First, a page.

Monday, March 16, 2009

Number of grandparents raising grandchildren likely to rise, Georgia State conference reveals

The number of grandparents raising children or helping to take care of children is likely to increase during the current recession, and support for these grandparents is even more critical, experts said this week during a symposium sponsored by Georgia State University.

Georgia State’s Symposium on Grandparents Raising Grandchildren brought together more than 100 experts and advocates for grandparents from around the United States and Canada to address challenges facing these caregivers and those who work for them. The symposium was sponsored by the National Center on Grandparents Raising Grandchildren.

The most recent U.S. government estimates show that 2.5 million children are being raised by their grandparents. In Georgia, more than 164,000 children live in households headed by grandparents, and more than 98,000 live in households with grandparents without either parent present.

Advocates and researchers of grandparents caring for grandchildren are concerned that as states look for ways to trim budgets, needed financial and health care resources — especially critical as many grandparent care givers live close to or in poverty — may be cut.

“This will be a very difficult economic time, and it will last for a while. In the face of the downturn, we need to be very proactive for our families,” said Debbie Whitley, director of National Center on Grandparents Raising Grandchildren and associate professor of social work at Georgia State.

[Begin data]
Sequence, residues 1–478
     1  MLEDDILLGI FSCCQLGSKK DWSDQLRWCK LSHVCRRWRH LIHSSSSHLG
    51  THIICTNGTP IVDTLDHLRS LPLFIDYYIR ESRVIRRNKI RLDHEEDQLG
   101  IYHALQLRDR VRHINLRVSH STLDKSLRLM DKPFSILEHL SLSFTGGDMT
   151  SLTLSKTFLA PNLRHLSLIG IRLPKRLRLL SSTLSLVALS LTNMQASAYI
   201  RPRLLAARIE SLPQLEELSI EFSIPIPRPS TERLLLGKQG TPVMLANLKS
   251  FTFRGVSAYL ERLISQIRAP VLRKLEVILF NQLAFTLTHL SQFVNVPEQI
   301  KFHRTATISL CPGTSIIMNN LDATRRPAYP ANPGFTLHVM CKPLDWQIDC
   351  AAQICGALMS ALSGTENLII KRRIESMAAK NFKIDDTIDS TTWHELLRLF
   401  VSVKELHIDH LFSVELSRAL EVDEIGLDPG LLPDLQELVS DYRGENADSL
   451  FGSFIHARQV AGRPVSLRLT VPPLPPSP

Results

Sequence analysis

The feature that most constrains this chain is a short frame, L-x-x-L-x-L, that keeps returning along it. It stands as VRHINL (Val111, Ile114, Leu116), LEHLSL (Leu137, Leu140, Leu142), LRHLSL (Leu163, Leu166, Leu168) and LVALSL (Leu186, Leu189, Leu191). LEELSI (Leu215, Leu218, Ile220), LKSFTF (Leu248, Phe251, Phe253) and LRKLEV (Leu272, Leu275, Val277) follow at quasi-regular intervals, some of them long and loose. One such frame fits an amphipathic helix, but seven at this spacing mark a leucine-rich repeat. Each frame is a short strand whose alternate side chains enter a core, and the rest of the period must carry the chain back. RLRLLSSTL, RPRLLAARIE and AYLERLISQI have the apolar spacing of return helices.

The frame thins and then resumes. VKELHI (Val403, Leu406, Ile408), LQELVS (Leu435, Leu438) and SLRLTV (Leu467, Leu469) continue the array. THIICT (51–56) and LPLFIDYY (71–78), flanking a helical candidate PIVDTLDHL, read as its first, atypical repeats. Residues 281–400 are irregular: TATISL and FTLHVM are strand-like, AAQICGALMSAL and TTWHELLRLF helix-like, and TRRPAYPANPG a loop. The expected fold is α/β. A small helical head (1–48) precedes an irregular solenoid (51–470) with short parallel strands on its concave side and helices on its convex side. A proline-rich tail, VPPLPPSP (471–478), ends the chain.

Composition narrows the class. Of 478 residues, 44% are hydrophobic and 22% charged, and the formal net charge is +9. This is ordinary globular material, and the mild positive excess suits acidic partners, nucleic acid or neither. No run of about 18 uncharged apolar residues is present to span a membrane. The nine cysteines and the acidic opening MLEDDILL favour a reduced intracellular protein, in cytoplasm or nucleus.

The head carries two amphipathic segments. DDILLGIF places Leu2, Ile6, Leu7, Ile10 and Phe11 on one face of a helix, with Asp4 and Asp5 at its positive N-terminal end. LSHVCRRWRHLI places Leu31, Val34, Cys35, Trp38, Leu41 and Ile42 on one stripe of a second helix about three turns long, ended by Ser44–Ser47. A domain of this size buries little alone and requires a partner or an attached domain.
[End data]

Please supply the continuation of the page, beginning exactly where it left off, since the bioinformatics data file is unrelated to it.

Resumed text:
Increasing the urgency is the economic situation, which will likely lead to more grandchildren being raised by their grandparents or living in households where grandparents aid in care giving, said Esme Fuller-Thomson, associate professor of social work at the University of Toronto and speaker at the symposium.

“Adding to several risk factors, there is a growing issue of unemployment and foreclosures of homes, as a lot of adult children are moving back home because they don't have a house anymore, or they don't have a job,” Fuller-Thomson said.

There is historical precedent, also, for grandparents raising grandchildren during tough times, she said.

Fuller-Thomson explained that African-American grandparents in 1940 — just before the United States’ entry into World War II, while the country was still reeling from the Great Depression — were taking care of grandchildren at higher rates than today, where nearly 29 percent of African-American women over 45 will take care of a grandchild for more than six months at some time in their lives.

Georgia State has long been an advocate for grandparents raising grandchildren. Since 1995, Project Healthy Grandparents has provided resources for grandparents raising grandchildren, and has served more than 635 families, including over 1,451 children.

The National Center on Grandparents Raising Grandchildren was founded in 2001 to inform service professionals, decision makers and the general public on the unique social and health service issues confronted by grandparents raising grandchildren.

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